Nigeria was one of the countries selected for AMFm phase 1 distribution. Nigeria started the distribution of AMFm-ACTs in 2011 firstly in the private sector then later in public sector. Society for Family Health (SFH), through the Global Fund Malaria and Prepackaged Therapy (PPT) projects, is working to ensure broad access to ACTs in Nigeria. Through the Global Fund under the AMFm-ACT initiative, SFH is providing a subsidized form of artemether-Lumefantrine (AL) known as ACTm. These medicines are distributed through private health care providers including proprietary patent medicine vendors (PPMVs) (local drug shopkeepers) and community-based pharmacies. SFH works closely with the Federal Ministry of Health on technical matters, education, training, and coordinating policy formulation and research to move the nation forward on both prevention and treatment issues in her battle against malaria.

While some effort at studying the adherence of drug distributors to use of AMFm-ACTs has been documented, its use at the community level is yet to be studied. Information on awareness of AMFM-malaria and how it has affected its use is lacking. Several past studies have concentrated on provider’s knowledge on the drug and availability of the drugs at facilities where they are distributed. Hence, this study aimed at determining awareness, utilization, and factors influencing utilization of AMFm-ACTs in communities in Ibadan North-West Local Government.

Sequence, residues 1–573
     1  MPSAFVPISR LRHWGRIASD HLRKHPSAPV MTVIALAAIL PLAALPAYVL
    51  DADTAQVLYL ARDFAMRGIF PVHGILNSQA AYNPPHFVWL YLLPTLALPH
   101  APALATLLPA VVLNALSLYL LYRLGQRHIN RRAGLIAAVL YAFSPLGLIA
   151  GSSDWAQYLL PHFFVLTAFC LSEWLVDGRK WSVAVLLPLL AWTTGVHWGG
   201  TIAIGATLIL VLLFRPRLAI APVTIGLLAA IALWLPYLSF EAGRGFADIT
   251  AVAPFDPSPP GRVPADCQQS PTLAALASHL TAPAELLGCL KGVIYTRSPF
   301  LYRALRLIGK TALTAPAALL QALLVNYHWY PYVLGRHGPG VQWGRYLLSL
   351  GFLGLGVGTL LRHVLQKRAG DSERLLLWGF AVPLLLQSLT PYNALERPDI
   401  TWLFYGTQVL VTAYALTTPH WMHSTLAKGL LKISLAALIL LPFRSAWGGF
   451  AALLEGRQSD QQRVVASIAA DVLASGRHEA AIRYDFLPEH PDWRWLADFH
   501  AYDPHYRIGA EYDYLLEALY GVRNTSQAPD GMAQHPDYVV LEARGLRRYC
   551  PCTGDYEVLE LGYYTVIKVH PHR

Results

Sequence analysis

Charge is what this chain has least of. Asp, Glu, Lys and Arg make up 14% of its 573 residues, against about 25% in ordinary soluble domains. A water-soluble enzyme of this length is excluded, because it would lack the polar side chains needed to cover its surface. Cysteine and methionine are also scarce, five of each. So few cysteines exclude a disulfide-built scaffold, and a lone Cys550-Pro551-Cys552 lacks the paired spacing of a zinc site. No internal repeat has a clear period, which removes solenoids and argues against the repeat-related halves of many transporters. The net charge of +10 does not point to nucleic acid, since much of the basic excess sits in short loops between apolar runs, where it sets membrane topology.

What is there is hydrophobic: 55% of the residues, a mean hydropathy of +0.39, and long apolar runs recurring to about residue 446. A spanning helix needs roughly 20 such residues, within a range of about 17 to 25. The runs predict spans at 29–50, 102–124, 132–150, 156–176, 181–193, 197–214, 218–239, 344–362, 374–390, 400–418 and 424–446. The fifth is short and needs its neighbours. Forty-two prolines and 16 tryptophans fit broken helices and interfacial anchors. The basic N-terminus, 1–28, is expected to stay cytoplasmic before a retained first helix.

2. Methods

2.1. Study Area

The study was conducted in Ibadan North-West Local Government Area which is one of the eleven LGAs that constitute Ibadan metropolitan area. Ibadan is the capital of Oyo state, one of the 36 states of the Federal Republic of Nigeria. The state is centrally situated in the southwestern part of the country and is 128 km north-east of Lagos and 345 km south-west of Abuja, the federal capital territory. For administrative purposes the city is divided into 11 Local Government Areas (LGAs), five of which are urban. Ibadan North-West is one of the five urban LGAs. It has a population of 152,834 people based on 2006 census [6]. The inhabitants of Ibadan North-West LGA are mostly Yoruba while the main occupations of the people are trading and working in the public service. There are 11 political wards and 6 primary health centres (government owned) in the local government [7]. Treatment of malaria takes place in health facilities and at other healthcare providers’ places such as private patent medicine shops (PPMVs), pharmacy shops and appointed community medicine distributors. However, home management of malaria using drugs bought from PPMVs and pharmacy is a common practice among caregivers in Nigeria including those in this study LGA.